West Africa: Social media unlock the space

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Fatou Jagne-Senghor

03 May 2012


The West African region is still marked by political instability, increasing social malaise and the threats of religious fundamentalism. In this complete context, traditional media has shown limitations due to the lack of political and financial independence; few media groups are able to keep governments on their toes or conduct in-depth and ethical investigative work on issues of national interest. In almost the entire region, the public media is the mouth piece of the government and part of the private media still struggling to survive in a saturated market and the diktat of advertisers. The few independent media entities continue to face hardships in some countries, the oppression is brutal and security concerns push journalists towards self-censorship while in other countries the restrictions are more settled and could lead many who do not support to go bankrupt.

Amid all these, the continuous development of technology has brought new possibilities for the media and citizen to be heard and influence the way they are governed. Today, there is an increase in the use of social media, citizen blogs, discussion fora, and online media are all avenues that enable people to have their say and share their perspectives and stories with the rest of the work. As technology is growing and influences the way advocacy work is conducted, as we witness the emergence of a new type of citizen with clear demands; governments' responses have been poor and negative, in most countries they are proposing inadequate regulation to  restrict content without due regard to the specificity of the cyber space and hoping to stifle critical expression.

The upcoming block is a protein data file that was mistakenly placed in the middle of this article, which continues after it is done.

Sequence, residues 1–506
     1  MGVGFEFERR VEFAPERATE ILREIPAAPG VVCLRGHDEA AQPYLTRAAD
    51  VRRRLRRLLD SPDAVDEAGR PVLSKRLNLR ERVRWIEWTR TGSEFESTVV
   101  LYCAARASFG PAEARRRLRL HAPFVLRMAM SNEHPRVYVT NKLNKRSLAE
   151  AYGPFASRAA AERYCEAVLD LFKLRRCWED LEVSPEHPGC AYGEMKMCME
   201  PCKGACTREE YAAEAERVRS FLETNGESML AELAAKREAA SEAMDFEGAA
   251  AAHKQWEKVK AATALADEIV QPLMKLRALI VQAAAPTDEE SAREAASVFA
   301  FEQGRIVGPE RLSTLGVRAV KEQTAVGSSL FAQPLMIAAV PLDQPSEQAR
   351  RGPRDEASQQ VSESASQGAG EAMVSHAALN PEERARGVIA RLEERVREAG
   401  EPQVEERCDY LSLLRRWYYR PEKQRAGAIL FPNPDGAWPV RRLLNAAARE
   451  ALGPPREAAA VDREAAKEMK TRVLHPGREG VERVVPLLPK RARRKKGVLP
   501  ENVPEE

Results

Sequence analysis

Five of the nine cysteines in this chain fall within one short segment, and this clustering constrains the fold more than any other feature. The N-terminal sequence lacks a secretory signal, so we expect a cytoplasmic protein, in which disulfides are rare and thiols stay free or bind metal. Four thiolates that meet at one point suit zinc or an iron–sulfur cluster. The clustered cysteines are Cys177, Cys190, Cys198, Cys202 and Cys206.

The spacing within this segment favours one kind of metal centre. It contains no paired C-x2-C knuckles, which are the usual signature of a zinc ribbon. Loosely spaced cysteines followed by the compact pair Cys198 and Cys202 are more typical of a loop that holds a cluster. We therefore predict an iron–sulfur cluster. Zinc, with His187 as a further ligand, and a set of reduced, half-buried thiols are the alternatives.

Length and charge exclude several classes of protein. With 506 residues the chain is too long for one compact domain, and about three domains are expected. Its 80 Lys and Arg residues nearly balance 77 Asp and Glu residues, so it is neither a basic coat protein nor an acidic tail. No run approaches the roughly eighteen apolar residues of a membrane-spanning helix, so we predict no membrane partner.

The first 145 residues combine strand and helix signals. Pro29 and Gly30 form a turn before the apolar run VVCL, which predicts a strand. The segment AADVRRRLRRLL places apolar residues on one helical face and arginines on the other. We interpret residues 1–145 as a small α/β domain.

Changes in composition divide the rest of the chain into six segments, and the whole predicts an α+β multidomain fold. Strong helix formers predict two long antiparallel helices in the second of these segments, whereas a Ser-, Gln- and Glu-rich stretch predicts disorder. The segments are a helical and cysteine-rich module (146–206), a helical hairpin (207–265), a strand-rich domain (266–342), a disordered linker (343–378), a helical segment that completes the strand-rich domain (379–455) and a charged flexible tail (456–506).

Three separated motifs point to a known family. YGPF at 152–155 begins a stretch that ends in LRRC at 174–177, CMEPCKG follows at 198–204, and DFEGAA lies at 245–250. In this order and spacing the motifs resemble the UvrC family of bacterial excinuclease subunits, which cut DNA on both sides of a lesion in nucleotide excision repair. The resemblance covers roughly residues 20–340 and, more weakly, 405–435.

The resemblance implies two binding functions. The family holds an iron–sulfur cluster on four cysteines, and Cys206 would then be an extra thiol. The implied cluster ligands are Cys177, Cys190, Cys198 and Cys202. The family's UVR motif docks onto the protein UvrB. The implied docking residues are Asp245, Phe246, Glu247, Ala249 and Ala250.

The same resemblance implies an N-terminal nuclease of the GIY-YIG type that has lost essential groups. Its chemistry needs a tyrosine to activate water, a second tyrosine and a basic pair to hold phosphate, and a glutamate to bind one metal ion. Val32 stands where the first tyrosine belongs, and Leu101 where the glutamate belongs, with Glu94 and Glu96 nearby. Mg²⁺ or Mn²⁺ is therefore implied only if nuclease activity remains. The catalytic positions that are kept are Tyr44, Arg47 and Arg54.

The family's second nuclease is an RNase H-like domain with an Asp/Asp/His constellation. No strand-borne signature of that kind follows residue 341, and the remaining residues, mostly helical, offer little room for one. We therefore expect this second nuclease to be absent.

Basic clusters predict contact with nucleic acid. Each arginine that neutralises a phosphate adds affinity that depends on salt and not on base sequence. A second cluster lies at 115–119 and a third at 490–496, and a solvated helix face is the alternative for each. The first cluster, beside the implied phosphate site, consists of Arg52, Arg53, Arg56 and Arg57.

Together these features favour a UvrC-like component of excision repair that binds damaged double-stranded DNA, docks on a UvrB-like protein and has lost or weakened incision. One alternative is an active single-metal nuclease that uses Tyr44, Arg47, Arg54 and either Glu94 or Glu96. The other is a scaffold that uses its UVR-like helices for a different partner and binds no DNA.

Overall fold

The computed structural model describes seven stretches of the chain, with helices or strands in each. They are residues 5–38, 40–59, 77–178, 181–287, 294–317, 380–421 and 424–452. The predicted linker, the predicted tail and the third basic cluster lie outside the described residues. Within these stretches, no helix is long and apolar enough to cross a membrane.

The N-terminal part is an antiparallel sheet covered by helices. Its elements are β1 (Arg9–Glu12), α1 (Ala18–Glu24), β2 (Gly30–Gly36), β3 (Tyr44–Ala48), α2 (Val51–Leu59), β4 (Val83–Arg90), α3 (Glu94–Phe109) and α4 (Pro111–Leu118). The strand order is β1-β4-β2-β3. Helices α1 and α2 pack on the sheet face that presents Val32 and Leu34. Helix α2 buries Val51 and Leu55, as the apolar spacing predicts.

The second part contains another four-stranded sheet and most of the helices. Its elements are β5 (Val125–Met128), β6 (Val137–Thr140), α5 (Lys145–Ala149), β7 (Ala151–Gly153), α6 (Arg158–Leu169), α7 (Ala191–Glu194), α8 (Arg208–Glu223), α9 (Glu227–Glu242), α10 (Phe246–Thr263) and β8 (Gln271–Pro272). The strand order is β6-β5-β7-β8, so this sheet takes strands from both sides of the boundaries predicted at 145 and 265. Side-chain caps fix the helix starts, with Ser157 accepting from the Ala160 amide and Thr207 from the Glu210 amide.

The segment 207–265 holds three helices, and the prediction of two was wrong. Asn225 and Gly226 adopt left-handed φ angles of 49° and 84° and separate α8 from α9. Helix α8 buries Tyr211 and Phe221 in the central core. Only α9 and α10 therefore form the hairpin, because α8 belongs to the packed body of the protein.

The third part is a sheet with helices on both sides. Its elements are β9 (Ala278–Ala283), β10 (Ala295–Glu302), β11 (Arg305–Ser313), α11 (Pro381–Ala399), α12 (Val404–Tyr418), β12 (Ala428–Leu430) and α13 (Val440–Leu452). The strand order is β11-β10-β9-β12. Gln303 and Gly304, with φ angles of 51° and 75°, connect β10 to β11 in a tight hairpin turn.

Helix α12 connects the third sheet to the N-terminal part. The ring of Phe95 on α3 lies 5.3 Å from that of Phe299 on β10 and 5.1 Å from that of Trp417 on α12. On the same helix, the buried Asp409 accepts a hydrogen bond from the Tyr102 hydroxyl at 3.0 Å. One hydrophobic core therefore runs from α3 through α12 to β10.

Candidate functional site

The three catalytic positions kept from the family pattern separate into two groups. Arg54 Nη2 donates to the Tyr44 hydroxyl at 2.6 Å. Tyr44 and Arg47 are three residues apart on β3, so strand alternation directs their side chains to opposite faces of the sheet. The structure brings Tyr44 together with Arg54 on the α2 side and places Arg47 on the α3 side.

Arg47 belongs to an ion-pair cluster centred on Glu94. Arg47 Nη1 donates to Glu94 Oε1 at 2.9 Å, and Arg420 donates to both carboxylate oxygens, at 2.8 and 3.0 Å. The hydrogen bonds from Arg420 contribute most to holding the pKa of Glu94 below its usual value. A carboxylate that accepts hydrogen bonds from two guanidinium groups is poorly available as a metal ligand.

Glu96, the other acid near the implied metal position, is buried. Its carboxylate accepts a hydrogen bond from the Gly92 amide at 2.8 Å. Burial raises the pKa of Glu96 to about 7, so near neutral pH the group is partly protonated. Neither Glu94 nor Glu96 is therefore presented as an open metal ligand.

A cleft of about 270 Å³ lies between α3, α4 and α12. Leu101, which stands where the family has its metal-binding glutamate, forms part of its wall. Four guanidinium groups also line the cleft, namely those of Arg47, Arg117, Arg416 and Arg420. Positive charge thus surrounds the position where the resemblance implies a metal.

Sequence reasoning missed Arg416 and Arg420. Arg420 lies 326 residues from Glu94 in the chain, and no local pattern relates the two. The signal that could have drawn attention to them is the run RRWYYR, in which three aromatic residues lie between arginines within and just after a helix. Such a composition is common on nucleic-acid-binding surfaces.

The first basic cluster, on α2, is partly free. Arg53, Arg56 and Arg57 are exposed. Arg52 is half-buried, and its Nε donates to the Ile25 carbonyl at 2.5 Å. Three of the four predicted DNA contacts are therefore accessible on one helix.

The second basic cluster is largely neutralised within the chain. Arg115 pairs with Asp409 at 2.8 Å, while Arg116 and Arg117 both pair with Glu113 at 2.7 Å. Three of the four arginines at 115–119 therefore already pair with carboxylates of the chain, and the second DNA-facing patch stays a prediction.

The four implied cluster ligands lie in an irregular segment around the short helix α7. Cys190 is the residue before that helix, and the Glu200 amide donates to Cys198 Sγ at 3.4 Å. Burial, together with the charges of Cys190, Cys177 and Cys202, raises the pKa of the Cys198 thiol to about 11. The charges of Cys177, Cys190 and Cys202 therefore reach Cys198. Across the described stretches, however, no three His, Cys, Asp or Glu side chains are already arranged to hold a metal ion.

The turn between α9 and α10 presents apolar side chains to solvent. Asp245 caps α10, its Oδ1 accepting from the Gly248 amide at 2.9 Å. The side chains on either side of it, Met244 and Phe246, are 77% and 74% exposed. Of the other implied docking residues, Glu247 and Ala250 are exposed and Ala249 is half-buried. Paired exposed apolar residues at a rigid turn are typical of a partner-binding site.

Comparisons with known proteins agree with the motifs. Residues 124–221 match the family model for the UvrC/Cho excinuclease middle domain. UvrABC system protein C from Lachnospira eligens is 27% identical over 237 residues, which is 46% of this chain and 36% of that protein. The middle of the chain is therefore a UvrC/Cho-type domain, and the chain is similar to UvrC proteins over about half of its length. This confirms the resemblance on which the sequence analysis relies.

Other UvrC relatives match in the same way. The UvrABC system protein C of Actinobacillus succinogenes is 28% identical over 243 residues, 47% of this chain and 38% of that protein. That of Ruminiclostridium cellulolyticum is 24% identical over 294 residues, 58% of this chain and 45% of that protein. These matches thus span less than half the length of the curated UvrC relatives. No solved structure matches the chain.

These attempts to reduce the impact of new media is further motivated by governments’ awareness that new media is a means to easily disseminate information and could break the longstanding culture of secrecy practiced by West African governments in the management of public affairs, namely on issues of foreign debt, its actual use and in the utilisation of public resources gained from mineral extraction and the allocations of public funds and the management of the security and national defence.

Some countries have enacted legislation to unduly regulate online content while others (The Gambia) use bulldozing tactics to filter and block critical online content.  Cyber crimes, national security and anti-terrorism are the main buzzwords used to deprive citizen of their rights to alternative opinions made available by new media.  

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